Royal Work. A commission for the Queens 90th Birthday.

Risks are good. They help break conventions and skulls. Professionally, in music, the breaking of conventions is a necessary hazard. It’s how people know you’re there. Otherwise you’re wallpaper.

This year, for Her majesty the Queens 90th birthday celebrations, Government House in Hobart took one such risk. They asked me to produce something for the occasion that would be new yet referential, risky yet respectful. I used the opportunity to engage two people I’d wanted to create with for sometime; Kelly Ottaway and Julius Schwing, and we discussed the concept. Truth be told, I think it was Kelly who first spake the idea of God Save the Queen – Theme and Variations. Well, that is what it was called in the end. Initially, the ideas ‘Meditation upon… or GSTQ Re-arranged… were bandied about, but they presented too much fog around the idea and not enough clarity of meaning for a traditional occasion.

And so…

Kelly, Julius and I began to explore phrases from GSTQ and its closest friend, the Hymn Jerusalem. What became of it was a 45 minute concert composed equally by the three of us for string quartet, brass quartet, piano, guitar, samples and taped excerpts of the coronation.

The risk factor rung on in the minds of the Governor and staff so that right up until my baton went down for the first time, everyone was a little on the edge. What was this going to sound like? How kooky were the variations going to be? Would the Queen be offended? One month earlier, I had been called into the Governor’s office and asked this question directly. They wanted to avoid any unpleasant complications given the gravity of the occasion. I played them a freshly composed example from my laptop of a brass quartet piece with the working title God Save the Brass Quartet, which I had penned not two days earlier (phew!). They liked it, (phew!) and we went on…cautiously.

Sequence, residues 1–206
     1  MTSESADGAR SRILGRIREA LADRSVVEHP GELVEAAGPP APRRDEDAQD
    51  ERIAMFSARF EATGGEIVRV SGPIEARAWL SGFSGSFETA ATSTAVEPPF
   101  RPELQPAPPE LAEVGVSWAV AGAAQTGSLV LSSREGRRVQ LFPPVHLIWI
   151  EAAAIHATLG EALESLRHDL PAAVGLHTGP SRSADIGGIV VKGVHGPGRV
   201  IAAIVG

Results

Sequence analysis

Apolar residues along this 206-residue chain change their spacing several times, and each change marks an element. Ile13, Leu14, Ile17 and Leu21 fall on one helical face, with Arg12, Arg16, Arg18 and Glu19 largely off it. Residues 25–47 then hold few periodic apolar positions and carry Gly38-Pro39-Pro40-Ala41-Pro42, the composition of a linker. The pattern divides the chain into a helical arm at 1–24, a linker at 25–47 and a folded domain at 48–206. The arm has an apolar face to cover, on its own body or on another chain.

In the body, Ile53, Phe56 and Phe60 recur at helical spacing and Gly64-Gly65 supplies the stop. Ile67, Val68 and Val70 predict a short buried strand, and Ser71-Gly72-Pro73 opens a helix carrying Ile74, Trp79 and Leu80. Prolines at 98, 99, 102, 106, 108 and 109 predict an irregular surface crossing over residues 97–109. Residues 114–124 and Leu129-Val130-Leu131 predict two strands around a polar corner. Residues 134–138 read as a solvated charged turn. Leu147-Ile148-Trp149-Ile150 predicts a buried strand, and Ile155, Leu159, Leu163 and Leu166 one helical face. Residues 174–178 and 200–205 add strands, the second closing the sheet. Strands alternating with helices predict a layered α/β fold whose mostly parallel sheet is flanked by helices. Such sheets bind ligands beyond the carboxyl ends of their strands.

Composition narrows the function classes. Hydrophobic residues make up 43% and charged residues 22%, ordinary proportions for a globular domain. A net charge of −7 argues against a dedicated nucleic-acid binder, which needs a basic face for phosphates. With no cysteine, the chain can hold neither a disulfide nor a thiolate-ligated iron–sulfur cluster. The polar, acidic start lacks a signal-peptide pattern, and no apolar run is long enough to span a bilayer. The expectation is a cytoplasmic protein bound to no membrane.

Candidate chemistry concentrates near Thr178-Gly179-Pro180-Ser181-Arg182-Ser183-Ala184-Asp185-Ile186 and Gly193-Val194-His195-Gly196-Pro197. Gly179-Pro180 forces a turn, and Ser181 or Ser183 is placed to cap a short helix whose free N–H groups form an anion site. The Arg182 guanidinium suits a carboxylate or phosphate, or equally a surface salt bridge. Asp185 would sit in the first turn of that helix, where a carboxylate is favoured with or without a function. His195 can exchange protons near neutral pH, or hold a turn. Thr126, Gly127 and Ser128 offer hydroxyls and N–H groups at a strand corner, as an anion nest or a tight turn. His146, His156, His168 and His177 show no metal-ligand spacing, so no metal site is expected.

Did it work? Did we vary too much? Was there anything left of the regal theme and its potency? The Governor and staff seemed overjoyed with the result (phew!). So much so the next night a camera crew was employed to film it and send it to Buckingham Palace the following day in time for London’s celebrations for the Queen in the Mall. Did the Queen see it? Not sure. Haven’t heard yet. But, personally, I couldn’t be happier with the process, the outcome and the story to tell.

 

The concert is linked below. Enjoy.

http://www.govhouse.tas.gov.au/vice-regal-news-and-photos/8-june-2016

 

 

Spiders = orchestra and Australian pop diva. What?

As mentioned in earlier posts, I was fortunate to be asked by the Bookend Trust to compose music for their up-coming film Sixteen Legs; a film on the Tasmanian Cave Spider featuring a host of marvellous people including the narration of Neil Gaiman and the beautiful sounds of Kate Miller-Heidke. I waited for a long while for the crews to come in with enough footage to begin assembling, and when they did…whoah! So this spider is amazing and really, really big. The footage by Joe Shemesh is in 4K, award winning and shockingly beautiful. He’s caught the spider doing a lot of things including eating crickets and…yes…having sex. That’s the big one. Never caught quite like it before. Kooky, I know. And there are caves under Tassie that will put the most grand cathedrals to shame.

I had the deep privilege of recording much of the score with the wonderful Tasmanian Symphony Orchestra, conducted by Gary Wain (what a legend!) and then to Melbourne to add the extraordinary voice of Kate Miller-Heidke. What Kate did to the music is to be heard to be believed. I simply can’t do it justice by describing it here. Kate was a wonderful, gentle, utterly professional soul to work with and I can’t wait for you to hear it.

 

Keep a look out in late 2016 for Sixteen Legs. Here’s a preview of Joe’s award winning shots of the spiders in habitat.